Many companies offer a range of products that are variations of a “base” model, using many of the same components, manufacturing methods, and processing steps to keep inventory and manufacturing costs under control while still providing customers with a range of choices to fit their exact needs. Automobiles are an excellent example. Take the Ford Bronco and Ranger models. Both vehicles are built on the same platform and use much of the same hardware, with different body and trim pieces. So a production line that’s set up to assemble Rangers can be switched over to assembling Broncos with just a few (relatively speaking) changes of parts, equipment, and programming — as opposed to a full-scale reconfiguration of the production line.
This model — where multiple variations are produced on the same manufacturing or assembly line — exists for all types of products, from powdered drink mixes to bearings. And as companies increasingly adopt flexible manufacturing systems, product changeovers from one variation to another become more frequent — as often as daily or even multiple times per day. But these changeovers can consume valuable production time as operators manually adjust control parameters from one product to the next. This is where recipes come in.
Recipes are sets of parameters that are stored in an HMI and can be transferred directly to a PLC or controller to enable fast, error-free product changeovers.
A key characteristic of recipes is that they contain only the parameters, or variables, that change from one product to the next. These variables can be materials such as hardware, processing steps such as whether to drill a hole or not, or machine parameters such as the depth of the hole to be drilled.
For example, if a product range consists of panels that come in three sizes — 150 x 150 mm, 300 x 300 mm, and 450 x 450 mm —and each panel size is assembled using different screws, recipes could be used to specify which screw size to use with which panel size. Similarly, an inspection operation that tests the torque of the assembly screws could use recipes to specify different torque values for different screw sizes.
Most HMIs include (or can be configured with) a recipe feature, which allows recipes to be created, modified, saved in a database, and uploaded to or downloaded from a PLC or controller. Recipes are often created and managed in a spreadsheet format, and the recipe data can be imported and exported — typically as a CSV file — between the HMI and a USB drive or SD card, making it easier to modify the data using a program such as Excel or a text editor. And some HMI recipe functions allow recipes that have been modified in the PLC or controller to be uploaded to the HMI as a new version and saved to the recipe database.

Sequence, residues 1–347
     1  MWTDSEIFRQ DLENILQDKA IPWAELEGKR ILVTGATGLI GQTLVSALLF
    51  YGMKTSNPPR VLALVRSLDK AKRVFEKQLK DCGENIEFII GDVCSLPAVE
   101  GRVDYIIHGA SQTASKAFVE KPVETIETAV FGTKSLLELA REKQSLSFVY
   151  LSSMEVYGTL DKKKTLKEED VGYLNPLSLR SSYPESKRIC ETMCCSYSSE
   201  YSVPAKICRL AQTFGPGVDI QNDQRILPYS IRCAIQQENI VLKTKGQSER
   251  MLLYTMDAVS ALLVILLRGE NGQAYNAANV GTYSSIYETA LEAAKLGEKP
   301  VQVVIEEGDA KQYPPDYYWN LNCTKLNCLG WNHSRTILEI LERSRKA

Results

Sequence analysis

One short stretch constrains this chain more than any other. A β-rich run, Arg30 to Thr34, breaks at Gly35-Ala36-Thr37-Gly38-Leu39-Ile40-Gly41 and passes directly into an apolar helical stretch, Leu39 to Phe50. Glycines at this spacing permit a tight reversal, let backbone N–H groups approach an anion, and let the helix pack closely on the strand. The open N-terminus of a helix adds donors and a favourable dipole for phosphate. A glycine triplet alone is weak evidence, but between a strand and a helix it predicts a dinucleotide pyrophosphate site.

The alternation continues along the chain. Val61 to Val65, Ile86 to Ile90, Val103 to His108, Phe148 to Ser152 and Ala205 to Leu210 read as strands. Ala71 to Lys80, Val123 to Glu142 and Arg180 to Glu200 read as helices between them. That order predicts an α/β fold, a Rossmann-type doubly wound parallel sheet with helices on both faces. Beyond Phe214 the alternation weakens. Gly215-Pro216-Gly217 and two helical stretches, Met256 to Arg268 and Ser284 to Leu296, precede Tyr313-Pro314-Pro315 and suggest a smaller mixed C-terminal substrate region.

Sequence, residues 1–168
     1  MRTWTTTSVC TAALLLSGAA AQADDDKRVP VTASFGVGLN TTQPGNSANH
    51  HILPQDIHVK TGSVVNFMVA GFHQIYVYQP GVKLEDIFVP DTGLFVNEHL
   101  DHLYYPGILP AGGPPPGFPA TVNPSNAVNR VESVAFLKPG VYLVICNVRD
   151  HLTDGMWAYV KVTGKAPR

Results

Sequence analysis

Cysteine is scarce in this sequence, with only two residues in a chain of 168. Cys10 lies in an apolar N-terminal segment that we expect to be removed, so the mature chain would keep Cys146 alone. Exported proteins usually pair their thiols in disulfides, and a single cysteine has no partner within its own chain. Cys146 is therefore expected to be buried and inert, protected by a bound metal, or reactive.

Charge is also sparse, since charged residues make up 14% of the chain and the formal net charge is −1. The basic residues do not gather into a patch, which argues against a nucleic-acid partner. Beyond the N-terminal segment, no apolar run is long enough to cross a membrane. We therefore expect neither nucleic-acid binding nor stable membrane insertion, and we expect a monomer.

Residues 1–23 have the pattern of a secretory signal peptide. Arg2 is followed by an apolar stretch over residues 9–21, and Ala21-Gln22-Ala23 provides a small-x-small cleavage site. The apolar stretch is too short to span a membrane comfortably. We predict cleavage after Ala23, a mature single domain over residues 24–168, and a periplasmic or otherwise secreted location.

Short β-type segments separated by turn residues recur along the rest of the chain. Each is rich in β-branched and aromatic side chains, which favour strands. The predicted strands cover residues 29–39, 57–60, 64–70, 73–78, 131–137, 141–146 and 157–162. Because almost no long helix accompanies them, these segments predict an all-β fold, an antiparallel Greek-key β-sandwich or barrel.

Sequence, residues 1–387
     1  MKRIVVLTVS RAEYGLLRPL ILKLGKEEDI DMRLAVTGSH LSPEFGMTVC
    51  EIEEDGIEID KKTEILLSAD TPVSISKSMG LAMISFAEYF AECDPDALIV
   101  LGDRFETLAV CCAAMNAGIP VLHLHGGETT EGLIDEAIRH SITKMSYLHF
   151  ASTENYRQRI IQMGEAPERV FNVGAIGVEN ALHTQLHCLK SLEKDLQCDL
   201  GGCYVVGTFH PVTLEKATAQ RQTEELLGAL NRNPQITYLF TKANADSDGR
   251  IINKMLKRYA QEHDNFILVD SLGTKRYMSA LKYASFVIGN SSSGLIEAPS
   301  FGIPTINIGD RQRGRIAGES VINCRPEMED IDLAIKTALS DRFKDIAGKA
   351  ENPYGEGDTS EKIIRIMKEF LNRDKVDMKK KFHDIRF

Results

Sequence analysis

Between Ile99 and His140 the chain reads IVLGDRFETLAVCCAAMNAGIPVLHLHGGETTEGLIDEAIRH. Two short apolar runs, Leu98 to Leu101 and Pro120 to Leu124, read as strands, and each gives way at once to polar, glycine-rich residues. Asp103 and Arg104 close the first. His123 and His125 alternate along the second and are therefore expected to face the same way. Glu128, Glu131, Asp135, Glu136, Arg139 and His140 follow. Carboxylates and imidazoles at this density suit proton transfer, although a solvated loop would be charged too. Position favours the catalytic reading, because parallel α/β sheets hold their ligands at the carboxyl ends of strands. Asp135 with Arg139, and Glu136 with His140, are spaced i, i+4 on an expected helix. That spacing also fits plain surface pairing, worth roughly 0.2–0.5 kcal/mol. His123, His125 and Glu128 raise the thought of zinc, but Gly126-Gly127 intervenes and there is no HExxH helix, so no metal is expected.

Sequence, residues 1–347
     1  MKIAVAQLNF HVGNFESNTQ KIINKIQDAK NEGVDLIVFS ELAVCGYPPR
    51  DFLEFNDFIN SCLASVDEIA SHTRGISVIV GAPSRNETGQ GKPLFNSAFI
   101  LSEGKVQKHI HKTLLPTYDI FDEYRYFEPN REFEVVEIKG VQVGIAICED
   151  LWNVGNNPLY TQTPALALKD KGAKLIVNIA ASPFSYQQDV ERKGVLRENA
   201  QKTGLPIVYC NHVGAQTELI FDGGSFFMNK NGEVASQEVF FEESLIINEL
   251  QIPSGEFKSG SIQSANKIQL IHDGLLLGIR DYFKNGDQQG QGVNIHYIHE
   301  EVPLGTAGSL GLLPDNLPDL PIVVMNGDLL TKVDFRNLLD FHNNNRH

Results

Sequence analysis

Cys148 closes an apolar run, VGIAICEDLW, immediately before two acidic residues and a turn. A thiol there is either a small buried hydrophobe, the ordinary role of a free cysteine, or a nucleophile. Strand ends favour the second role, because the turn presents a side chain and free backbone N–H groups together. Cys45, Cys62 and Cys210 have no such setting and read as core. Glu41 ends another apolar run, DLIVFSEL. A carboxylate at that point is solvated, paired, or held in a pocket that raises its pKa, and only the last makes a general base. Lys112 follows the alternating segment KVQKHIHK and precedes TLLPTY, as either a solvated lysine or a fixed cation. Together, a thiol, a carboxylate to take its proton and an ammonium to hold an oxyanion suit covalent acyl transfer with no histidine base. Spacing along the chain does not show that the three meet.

Although HMI manufacturers use different terminology for the elements of a recipe, every recipe consists of a “master” recipe, which contains all the variations of the product. For example, the master recipe for the Panel Assembly described above would contain three recipes: one for Panel 150 x 150, one for Panel 300 x 300, and one Panel 450 x 450. The recipe data — the specific screw sizes used for each Panel recipe — are associated with HMI tags where the data will be stored.
Recipes in process industries
For batch process applications, where processing steps depend on specific pieces of equipment — for example, mixing components A and B must be done by machine X — recipe development becomes more complex, with more variables and dependencies. But HMI manufacturers offer tools, such as Sequential Function Chart (SFC) language, that graphically organize recipes into procedures, unit procedures, and operations. In fact, batch processing industries often follow the ANSI/ISA-88 standards for Batch Control Models and Terminology. Among other things, this standard aims to “…make recipe development straightforward enough to be accomplished without the services of a control systems engineer…”
Recipe or formulation?
Some people make a distinction between recipes and formulations. In this terminology, “formulation” indicates that the steps used to make the various products are the same and only the ingredients or materials change. The term “recipe,” on the other hand, is used when both the formulation (ingredients or material) and the production steps vary between products. With this distinction, recipes are most widely used in processing industries such as food and beverage, pharmaceuticals, and chemicals, whereas formulations are more prominent in manufacturing industries where several products may have different bills of material, but their production method or assembly sequence is the same.
For example, in a packaging application, formulations would be used to facilitate quick changeovers of a pick-and-place operation that crates various sizes of spice bottles for shipping. This example would qualify as a formulation (rather than a recipe) because the location of the bottle’s surface to be gripped would change among the various bottle sizes, but the general pick-and-place operation would be the same for each size of bottle. On the other hand, recipes would be used for producing batches of different kinds of spice blends. Not only would the ingredients change with each spice blend, but some blends may require fine grinding, while others might only need coarse mixing. Hence, both the ingredients and the processing steps change with the various products.
Despite this distinction, the term “recipe” is preferred in the industrial automation world, regardless of whether both the materials and production steps vary, or only the materials vary from one product to the next.
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